William M. Bulger Jr. is the new executive director of the Dorchester-based Irish Pastoral Centre, which helps immigrants make their way in a new country. (Daniel Sheehan photo)
by Daniel Sheehan
The Irish Pastoral Centre has a new director in William M. Bulger Jr., who last week joined the Dorchester-based organization that focuses on helping immigrants make their way in their new settings.
A South Boston native, Bulger is the namesake son of William M. Bulger, the former president of both the state Senate and the University of Massachusetts. He brings to his new job years of experience in the law and banking fields, backgrounds that he says will help him further develop the organization and streamline internal operations.
“It’s a great opportunity for me,” he said, “because I’ve run some law practices, I know a little bit about business, and I have an Irish background.”
After starting out at the DA’s office and later running his own law practice, Bulger spent 17 years combined at Fleet Bank, Bank of America, and Citizens Bank. But now, seeing what he called an “increasing need” for community-focused work, particularly where it concerns undocumented immigrants, he decided he was ready for a new challenge.
“Here at the IPC they have a large immigration service,” he said. “They conduct citizen classes, they help undocumented immigrants who need advice on what to do or have questions. For example, if there’s a death in the family, can I leave and come back? With all the things that these people face nowadays, it’s really, really hard with this current administration.”
Recent months have seen a spike in Immigration Customs Enforcement (ICE) activity in the Boston area, which has affected the region’s undocumented immigrants, including a large contingent that hails from Ireland. With family roots in Ireland, Bulger sympathizes with immigrants, many of whom face the threat of deportation despite having lived in the country for decades and established roots with their families.
“They’re in these tough positions where if they do get picked up [by an ICE agent], their child is an American citizen and can’t be deported, but they certainly could,” he said.
While the IPC’s clientele is predominantly made up of Irish or Irish-American individuals from Dorchester and South Shore communities, Bulger said that the organization’s services extend to immigrants, documented or otherwise, from other backgrounds as well.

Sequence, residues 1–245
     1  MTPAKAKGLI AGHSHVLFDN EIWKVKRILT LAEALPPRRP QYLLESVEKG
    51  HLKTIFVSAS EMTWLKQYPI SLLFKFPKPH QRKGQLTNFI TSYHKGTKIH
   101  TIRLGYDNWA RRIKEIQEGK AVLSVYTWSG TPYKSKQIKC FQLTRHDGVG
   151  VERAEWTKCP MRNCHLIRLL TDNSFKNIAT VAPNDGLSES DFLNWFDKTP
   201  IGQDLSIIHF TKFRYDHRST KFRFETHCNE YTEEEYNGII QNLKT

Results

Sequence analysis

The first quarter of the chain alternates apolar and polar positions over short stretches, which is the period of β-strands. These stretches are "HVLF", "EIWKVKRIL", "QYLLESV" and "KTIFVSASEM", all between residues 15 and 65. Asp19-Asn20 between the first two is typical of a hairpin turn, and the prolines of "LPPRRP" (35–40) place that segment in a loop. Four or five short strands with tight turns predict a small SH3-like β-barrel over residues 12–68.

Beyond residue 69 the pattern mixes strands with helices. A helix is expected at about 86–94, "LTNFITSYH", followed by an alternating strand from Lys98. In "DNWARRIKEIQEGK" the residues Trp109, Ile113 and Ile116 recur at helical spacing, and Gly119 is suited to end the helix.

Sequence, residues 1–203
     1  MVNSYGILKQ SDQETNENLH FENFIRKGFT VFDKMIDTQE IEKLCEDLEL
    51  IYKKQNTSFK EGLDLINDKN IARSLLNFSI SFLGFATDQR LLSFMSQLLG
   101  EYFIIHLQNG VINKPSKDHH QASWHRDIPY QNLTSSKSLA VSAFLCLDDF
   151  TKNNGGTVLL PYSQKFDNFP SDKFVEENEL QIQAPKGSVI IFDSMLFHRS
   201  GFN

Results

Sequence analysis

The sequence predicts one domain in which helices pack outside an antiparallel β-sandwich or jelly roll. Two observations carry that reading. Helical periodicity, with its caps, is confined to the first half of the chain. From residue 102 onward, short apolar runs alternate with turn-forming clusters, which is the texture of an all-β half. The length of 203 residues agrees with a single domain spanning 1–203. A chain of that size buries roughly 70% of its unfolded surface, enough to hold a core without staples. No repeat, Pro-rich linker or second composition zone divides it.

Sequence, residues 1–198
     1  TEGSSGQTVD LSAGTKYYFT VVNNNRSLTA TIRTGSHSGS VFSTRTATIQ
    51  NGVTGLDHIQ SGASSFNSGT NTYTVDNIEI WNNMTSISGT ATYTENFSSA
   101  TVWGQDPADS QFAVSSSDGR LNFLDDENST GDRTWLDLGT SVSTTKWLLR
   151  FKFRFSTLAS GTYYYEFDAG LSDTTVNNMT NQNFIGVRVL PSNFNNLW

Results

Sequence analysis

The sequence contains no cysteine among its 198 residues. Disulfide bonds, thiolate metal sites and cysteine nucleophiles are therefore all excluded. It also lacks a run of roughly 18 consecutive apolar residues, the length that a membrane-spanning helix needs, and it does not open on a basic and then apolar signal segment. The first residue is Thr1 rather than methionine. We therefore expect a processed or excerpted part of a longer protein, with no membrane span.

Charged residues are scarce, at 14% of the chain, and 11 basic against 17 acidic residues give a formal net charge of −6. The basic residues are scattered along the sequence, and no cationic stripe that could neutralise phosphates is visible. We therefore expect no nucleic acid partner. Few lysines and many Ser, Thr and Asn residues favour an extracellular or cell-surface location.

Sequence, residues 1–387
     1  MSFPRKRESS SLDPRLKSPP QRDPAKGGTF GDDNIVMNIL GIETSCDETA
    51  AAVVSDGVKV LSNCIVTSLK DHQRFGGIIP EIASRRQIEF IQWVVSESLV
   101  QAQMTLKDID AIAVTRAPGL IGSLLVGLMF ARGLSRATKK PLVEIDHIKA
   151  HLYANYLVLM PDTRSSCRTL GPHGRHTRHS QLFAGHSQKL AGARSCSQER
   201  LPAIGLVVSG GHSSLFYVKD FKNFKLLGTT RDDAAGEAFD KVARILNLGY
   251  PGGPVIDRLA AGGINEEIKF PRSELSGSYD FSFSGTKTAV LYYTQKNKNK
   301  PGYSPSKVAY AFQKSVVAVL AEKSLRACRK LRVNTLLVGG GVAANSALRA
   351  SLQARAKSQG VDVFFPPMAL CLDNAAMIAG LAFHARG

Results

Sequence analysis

“We have an open door policy,” he said, “Anyone who comes through the door is welcome here.”
The pastoral side of the organization also resonates with Bulger. Rev. Daniel J. Finn, who had juggled duties as both chaplain and executive director in recent years, will remain active on the community front while Bulger will take on the bulk of administrative duties.
“The IPC is, as Father Dan would say, always looking to help the stranger among us, the people who are on the margins. I like that sort of Christian thrust of the mission.”
The centre offers a wide variety of services through several different ministries – for seniors, for mothers and toddlers, for victims of drug, alcohol, and domestic abuse – and a prison outreach program run by Father Finn. The IPC also collaborates with pro-bono immigration lawyers who provide aid and representation to the undocumented as they negotiate the muddy waters of immigration law.
“They [US Immigration offices] have all of these different rules that are hard for people to navigate when they’re undocumented, and that’s where Kieran O’Sullivan and some of our pro-bono lawyers step in. They’ll go down there and explain it to them,” Bulger said.
Regarding his vision for the organization’s future, Bulger hinted at eventually moving the centre to a space more conducive to their operations (the centre currently shares a space in St. Brendan’s rectory on Rita Road). “One of the things it would be nice to have is more of a stand-alone, independent presence,” he said.
Bulger conceded that the organization’s small staff and corps of volunteers are at times “stretched a little thin,” an issue that he plans to address through a rework of internal systems. “Administratively, there’s a lot that can be done with things like fundraising and software,” he said. “We have pretty good systems in place, it’s just that they haven’t been, I think, used to their full capacity.”
Ultimately, Bulger said, the main focus will be on maintaining the centre’s services and the sizable impact they have on the community.“Our primary grant benefactor is the Irish government, and they have specific goals for us, so we’re focused on exceeding their goals and exceeding the expectations they have for us. What’s important is that this is a safe space for people to come.”
More information on the IPC and the services they offer can be found at ipcboston.org.